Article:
Phosphoglycerides (Membrane Lipids)
The most polar lipids are found in membranes surrounding both individual cells and the
organelles within the cell.
The most abundant lipids in membranes are phospholipids
(lipids that are phosphate esters), and primarily phosphoglycerides
Phosphoglycerides include two major types, plasmalogens
latter, the molecule is identical to a triglyceride up to the phosphoric acid unit, which is
esterified with another alcohol molecule other than glycerol.
Two common phosphatidates
(with ethanolamine group) and lecithins
(with choline group), where the
other alcohol is ethanolamine or choline (amino alcohols).
Both are important parts of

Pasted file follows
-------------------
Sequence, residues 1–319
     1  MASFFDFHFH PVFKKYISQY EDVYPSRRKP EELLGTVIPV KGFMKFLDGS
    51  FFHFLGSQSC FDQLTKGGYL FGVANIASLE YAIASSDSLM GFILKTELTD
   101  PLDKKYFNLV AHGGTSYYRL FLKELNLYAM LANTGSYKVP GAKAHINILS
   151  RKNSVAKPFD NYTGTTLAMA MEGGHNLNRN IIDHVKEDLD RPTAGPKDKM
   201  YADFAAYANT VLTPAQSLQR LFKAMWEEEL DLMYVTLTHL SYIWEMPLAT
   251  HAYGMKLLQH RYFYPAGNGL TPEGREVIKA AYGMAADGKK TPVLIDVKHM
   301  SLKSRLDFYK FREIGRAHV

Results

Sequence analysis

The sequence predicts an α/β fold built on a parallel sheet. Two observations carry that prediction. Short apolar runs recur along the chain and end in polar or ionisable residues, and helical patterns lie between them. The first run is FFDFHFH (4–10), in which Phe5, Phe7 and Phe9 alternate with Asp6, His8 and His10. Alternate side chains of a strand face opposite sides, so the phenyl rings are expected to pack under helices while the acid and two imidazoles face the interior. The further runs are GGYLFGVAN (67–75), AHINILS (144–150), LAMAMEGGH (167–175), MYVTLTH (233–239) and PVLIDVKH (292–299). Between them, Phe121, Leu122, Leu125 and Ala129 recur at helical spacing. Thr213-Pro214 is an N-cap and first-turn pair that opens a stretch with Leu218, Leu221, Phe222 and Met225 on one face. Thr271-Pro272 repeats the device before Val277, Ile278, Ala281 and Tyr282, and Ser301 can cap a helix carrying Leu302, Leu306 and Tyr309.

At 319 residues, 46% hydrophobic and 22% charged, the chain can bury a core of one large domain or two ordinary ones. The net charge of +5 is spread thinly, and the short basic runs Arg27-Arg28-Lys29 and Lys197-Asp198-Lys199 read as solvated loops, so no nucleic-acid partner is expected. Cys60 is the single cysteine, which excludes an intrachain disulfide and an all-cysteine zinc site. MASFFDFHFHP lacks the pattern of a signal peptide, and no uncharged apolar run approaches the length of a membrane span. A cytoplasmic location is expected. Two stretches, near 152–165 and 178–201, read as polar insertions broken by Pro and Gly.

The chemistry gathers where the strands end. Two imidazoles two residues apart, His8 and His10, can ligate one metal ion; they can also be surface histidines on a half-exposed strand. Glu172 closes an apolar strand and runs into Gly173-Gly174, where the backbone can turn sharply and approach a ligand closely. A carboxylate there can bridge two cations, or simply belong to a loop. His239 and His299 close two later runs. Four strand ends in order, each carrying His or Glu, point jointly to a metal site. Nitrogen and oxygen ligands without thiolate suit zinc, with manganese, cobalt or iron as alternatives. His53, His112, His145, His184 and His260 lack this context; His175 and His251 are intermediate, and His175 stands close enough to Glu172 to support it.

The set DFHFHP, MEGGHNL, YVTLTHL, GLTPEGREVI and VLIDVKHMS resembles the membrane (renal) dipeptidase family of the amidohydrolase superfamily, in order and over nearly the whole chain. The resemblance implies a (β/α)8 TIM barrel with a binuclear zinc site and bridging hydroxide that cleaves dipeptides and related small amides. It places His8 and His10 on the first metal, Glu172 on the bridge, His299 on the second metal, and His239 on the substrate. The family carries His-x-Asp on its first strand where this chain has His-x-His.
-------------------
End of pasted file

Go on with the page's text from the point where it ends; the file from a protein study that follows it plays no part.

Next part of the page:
brain and nerve tissue.
Cephalins are involved with blood clotting, while lecithin, a
component of cell membranes, is the major phospholipid in pulmonary surfactant which
facilitates our respiration process.
These molecules, like soaps, are amphipathic, and this nature is central to the structure and
function of cell membranes.
An emulsifying agent aids in the suspension of triglycerides in water, and lecithins (from
soybeans, egg yolks) are used as such in foods (ice cream, mayonnaise).
Many foods are
emulsions (milk – butterfat emulsified in H
Nonglyceride Lipids (Sphingolipids)
are lipids not derived from glycerol
They are amphipathic, are structural
components of cell membranes, and derived from the amino alcohol sphingosine.
include sphingomyelins and glycosphingolipids.
The “simpler” ones are sphingomyelins
which each contain units from a fatty acid, phosphate, sphingosine, and choline.
25% of the myelin sheath which surrounds the axon are sphingomyelins (humans), as these
are essential to nerve transmission and proper cerebral function.
) include cerebrosides, sulfatides, and gangliosides.